With my birthday arriving tomorrow, as I contemplate another year at my school, BFA, what better way to face the days ahead than to meditate on Siddhartha:
Dzogchen Ponlop Rinpoche
as the Buddha, as if he were a god. The fact is that he was just a
simple Indian guy, a human being like you and me. We think of him as
some kind of super-genius for having attained complete spiritual
awakening, but in fact his real genius was in showing how any one of us
can attain the same awakening as he did. We describe him as a prince and
a member of the elite royalty of his time, and we think that must have
given him an advantage over us -- but the reality is that most of us
today are probably better off, in material terms, than Siddhartha was.
We talk about his kingdom and so forth, but what the prince Siddhartha
had was really no more than what you might find in any middle-class
American household. He might have had more wives, but you've got more
gadgets, more technologies and comforts and conveniences. Siddhartha
didn't have a refrigerator, and you do. He didn't have WiFi, or a blog,
or Facebook or Twitter. He might have had more houses and land, but
you've got a more comfortable bed than he had. Maybe you even have one
of those new, space-age Tempur-Pedic beds. Think of how much time you
spend in bed, and how important your bed is. I guarantee that Siddhartha
had a worse bed than you have.
The point is, we shouldn't mythologize Siddhartha's life and think that
his spiritual awakening was due to his special circumstances. Most of us
today actually live in conditions very similar to Siddhartha's, in
terms of our material situation.
Siddhartha was a truth seeker, nothing more. He wasn't looking for
religion, as such -- he wasn't particularly interested in religion. He
was searching for the truth. He was looking for a genuine path to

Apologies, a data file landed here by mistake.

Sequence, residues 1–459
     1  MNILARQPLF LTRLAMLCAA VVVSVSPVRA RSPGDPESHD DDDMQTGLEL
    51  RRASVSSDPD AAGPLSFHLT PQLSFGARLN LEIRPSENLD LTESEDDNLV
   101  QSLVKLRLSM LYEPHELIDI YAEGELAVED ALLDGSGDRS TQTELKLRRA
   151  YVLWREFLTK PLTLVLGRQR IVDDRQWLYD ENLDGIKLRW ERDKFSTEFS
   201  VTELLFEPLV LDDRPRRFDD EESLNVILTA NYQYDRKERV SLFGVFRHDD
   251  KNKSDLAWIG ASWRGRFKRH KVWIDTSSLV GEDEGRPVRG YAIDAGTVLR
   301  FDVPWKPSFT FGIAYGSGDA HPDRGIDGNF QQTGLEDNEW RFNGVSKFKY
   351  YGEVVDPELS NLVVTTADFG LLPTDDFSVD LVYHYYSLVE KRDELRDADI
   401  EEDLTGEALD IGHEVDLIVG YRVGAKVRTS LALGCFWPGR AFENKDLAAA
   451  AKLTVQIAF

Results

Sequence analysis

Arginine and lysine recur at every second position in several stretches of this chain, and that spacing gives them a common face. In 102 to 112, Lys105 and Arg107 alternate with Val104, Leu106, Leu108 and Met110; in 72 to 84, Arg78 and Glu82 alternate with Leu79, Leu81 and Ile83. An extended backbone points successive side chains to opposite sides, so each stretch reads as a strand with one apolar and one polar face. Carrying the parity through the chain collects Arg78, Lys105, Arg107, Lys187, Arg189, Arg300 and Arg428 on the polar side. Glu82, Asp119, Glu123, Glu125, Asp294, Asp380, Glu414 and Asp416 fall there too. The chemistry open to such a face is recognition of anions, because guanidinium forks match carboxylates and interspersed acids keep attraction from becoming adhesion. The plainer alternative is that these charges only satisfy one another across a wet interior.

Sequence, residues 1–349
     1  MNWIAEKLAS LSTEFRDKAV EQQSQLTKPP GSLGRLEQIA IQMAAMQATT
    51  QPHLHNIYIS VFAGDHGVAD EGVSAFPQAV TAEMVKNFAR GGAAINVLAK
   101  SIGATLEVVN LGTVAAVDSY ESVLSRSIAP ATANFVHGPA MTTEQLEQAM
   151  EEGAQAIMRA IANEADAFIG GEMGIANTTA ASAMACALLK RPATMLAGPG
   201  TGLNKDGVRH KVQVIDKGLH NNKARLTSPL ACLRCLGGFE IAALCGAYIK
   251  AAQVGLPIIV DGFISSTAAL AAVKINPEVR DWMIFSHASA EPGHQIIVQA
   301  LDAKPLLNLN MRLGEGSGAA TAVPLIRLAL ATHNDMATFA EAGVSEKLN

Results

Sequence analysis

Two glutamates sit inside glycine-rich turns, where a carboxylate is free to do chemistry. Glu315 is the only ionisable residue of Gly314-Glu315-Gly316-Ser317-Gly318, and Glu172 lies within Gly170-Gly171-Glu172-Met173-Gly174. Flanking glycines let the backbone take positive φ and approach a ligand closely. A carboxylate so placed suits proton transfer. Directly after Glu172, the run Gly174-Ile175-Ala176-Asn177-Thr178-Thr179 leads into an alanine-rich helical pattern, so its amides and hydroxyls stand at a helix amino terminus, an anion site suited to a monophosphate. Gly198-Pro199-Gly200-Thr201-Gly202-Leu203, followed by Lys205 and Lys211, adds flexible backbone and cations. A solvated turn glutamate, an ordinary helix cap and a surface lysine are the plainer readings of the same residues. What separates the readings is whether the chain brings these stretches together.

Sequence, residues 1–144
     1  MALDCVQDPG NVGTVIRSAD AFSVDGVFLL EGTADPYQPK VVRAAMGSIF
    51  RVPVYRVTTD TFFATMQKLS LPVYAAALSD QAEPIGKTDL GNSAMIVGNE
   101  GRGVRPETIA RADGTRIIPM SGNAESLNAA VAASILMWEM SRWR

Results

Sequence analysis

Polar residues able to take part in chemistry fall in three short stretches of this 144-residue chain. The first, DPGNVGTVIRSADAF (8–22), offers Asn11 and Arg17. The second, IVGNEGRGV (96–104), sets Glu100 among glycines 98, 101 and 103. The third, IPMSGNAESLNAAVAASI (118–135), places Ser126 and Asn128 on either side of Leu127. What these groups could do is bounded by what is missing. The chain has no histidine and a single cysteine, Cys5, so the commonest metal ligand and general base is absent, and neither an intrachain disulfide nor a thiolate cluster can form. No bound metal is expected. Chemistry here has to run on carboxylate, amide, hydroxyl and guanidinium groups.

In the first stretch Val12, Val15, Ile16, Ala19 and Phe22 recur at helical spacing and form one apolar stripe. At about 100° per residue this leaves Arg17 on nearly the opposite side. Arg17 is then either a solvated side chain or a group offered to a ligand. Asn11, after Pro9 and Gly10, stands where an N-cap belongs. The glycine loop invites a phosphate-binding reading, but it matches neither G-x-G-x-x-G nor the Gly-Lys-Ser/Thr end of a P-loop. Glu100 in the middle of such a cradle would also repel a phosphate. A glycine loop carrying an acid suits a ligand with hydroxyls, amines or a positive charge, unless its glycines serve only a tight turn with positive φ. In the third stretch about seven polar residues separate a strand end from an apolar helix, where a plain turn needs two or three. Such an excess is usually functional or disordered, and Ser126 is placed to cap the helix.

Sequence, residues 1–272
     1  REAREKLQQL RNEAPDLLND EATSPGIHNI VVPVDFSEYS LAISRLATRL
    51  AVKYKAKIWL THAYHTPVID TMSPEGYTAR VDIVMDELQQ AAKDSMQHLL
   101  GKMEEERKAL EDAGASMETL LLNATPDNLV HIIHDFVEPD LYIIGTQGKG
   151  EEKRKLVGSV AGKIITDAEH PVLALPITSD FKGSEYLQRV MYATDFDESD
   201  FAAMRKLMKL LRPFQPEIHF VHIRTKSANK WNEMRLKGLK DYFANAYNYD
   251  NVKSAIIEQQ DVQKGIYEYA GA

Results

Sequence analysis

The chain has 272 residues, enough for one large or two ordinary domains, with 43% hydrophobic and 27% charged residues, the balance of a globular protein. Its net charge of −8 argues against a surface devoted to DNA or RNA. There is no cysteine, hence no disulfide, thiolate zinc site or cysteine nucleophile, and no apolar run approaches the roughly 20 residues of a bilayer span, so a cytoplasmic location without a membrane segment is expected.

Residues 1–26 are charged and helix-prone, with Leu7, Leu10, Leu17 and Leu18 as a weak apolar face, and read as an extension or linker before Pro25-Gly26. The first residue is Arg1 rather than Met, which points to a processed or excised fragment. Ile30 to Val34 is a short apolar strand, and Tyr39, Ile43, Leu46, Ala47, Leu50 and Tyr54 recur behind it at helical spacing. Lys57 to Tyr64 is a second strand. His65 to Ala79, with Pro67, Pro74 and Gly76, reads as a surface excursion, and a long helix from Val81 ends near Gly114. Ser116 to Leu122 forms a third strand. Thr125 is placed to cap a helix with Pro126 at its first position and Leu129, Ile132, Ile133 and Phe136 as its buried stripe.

freedom from suffering. Aren't all of us searching for the same thing?
If we look at the life of Siddhartha, we can see that he found the truth
and freedom he was seeking only after he abandoned religious practices.
Isn't that significant? The one who became the Buddha, the "Awakened
One," didn't find enlightenment through religion -- he found it when he
began to leave religion behind.
The Lure of Religious Trappings
A lot of people prefer to think of Buddhism as a religion. It's easy
to see why, when Buddhism abounds with religious trappings: the rituals
and the chants and the golden statues sitting on the shrine. Buddha
himself never wanted to be deified in any kind of icons; at the
beginning, he told his students no icons, no worshiping. But it's said
that he had a very devoted student who kept pestering him, requesting
his permission to make a statue of him, until finally the Buddha gave up
and allowed the first image to be made. And now we have all these
elaborate golden icons that look like they were dug out of an Egyptian
pyramid. It's nice to have these reminders, but we must remember that's
what they are: reminders of something, an example to be followed, not
idols to be worshiped.